5
$\begingroup$

Here we are considering subsets $\mathcal{F}$ of $2^\omega$, which are in correspondence with families of subsets of $\omega$ (sets of "reals"). Such a family is Borel if it is a Borel subset of $2^\omega$ under the usual topology.

Such a family is almost disjoint if, for every pair $X\not=Y$ from $\mathcal{F}$, $X\cap Y$ is finite.

Note: the question originally only required that the symmetric difference between $X$ and $Y$ be infinite, which is substantially weaker.

Countable almost disjoint families can be constructed fairly trivially. Uncountable almost disjoint families exist, and are a standard object of study in some branches of set theory. However, the constructions I've seen do not result in a Borel set. Can this be done? Can $\mathcal{F}\subset 2^\omega$ be an uncountable Borel set which is an almost disjoint family?

$\endgroup$
  • 7
    $\begingroup$ If you look at the tree $2^{<\omega}$, the set of branches is almost disjoint. $\endgroup$ – Asaf Karagila Jan 14 '16 at 15:23
  • 6
    $\begingroup$ Your definition of "almost disjoint" is much weaker than the usual one, which would be "for every pair $X\neq Y$ from $\mathcal{F}$, $X\cap Y$ is finite". In any case, Asaf's example satisfies both definitions. $\endgroup$ – Paul McKenney Jan 14 '16 at 15:38
  • 4
    $\begingroup$ I think it's a typo: the proposed "weak" definition of almost disjointness leads to families that are not at all disjoint in any typical sense. For example, $\{(-\infty,x)\cap\mathbb{Q}: x \in \mathbb{R}\}$. $\endgroup$ – François G. Dorais Jan 14 '16 at 15:50
  • 2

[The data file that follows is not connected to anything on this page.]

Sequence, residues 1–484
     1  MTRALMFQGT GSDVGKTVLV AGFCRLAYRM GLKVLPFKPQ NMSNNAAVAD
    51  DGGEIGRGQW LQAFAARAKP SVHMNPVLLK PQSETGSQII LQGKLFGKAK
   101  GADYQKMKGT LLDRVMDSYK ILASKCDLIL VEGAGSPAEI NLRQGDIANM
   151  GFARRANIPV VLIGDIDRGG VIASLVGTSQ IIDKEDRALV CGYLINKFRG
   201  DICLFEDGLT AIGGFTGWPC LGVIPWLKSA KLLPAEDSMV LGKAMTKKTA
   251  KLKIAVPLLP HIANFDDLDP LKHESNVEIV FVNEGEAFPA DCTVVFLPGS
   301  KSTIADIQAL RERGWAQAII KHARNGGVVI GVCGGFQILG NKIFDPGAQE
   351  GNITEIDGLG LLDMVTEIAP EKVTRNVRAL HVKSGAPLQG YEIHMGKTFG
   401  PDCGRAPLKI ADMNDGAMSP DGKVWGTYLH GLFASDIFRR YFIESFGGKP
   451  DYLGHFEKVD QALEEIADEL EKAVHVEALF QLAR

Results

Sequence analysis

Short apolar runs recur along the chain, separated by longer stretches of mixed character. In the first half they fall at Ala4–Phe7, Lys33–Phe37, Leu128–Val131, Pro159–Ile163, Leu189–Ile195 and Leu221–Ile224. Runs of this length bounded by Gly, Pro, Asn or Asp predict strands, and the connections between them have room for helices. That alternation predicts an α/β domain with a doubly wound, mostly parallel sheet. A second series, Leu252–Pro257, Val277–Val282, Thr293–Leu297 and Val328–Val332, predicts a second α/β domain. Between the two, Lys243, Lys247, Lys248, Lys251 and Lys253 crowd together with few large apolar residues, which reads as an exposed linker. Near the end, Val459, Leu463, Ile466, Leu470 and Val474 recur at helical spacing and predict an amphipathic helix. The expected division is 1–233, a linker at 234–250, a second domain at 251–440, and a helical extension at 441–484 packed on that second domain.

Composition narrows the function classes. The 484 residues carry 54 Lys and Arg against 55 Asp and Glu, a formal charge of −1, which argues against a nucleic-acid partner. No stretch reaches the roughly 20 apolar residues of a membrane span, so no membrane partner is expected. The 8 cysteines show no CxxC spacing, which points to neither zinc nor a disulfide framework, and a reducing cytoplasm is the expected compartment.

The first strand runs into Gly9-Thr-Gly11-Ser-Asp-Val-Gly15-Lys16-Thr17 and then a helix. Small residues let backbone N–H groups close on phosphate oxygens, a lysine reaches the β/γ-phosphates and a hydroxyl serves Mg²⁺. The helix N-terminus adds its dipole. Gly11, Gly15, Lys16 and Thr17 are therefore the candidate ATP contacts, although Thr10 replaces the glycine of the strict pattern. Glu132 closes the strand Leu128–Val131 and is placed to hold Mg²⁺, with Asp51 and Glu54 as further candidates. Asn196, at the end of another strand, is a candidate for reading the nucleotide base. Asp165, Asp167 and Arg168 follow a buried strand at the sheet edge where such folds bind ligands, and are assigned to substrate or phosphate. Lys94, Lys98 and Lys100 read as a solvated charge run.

$\begingroup$ @GeraldEdgar That's easy, though. Being a complete theory (coded appropriately as a subset of $\omega$) is a $\Pi^0_1$ property - in fact, the set of codes for complete theories is closed! $\endgroup$ – Noah Schweber Jan 14 '16 at 16:03
  • 1
    $\begingroup$ Asaf's example is Noah's example when the language is a propositional language with countably many propositional atoms. $\endgroup$ – Andreas Blass Jan 14 '16 at 18:29
16
$\begingroup$

Firstly, as commented by Asaf Karagila, it is routine to build a Borel uncountable family of almost disjoint subsets of $\omega$: fix a one-to-one map $f$ from the set $2^{<\omega}$ of finite binary sequences to $\omega$. It is clear that if $B$ and $B'$ are any two distinct branches of $2^{<\omega}$, then $f(B)$ and $f(C)$ are almost disjoint. This makes it evident that the collection of all subsets of $\omega$ of the form $f(B)$, where $B$ is a branch of $2^{<\omega}$, is an uncountable almost disjoint family. I will leave the verification that it is also Borel as an exercise.

On the other hand, there is no Borel mad family, where mad stands for maximal almost disjoint. This follows from a theorem of Mathias, who showed that no mad family can even be analytic (analytic = $\Sigma^1_1$ = continuous image of a Borel set).

However, by a joint result of Miller and Kunen, it is consistent with $ZFC$ that there is a co-analytic (i.e., $\Pi^1_1$) mad family, they showed this by building a co-analytic mad family assuming $ZF + V =L$. See Arnie Miller's wonderful paper for this and other gems exploring definability issues in infinite combinatorics (mad families are treated in sec.8).

$\endgroup$
3
$\begingroup$

The answers to this question: Uncountable family of infinite subsets with pairwise finite intersections describe several Borel constructions of uncountable Borel families. (Usually: perfect families)

$\endgroup$

Your Answer

By clicking “Post Your Answer”, you agree to our terms of service, privacy policy and cookie policy

Not the answer you're looking for? Browse other questions tagged or ask your own question.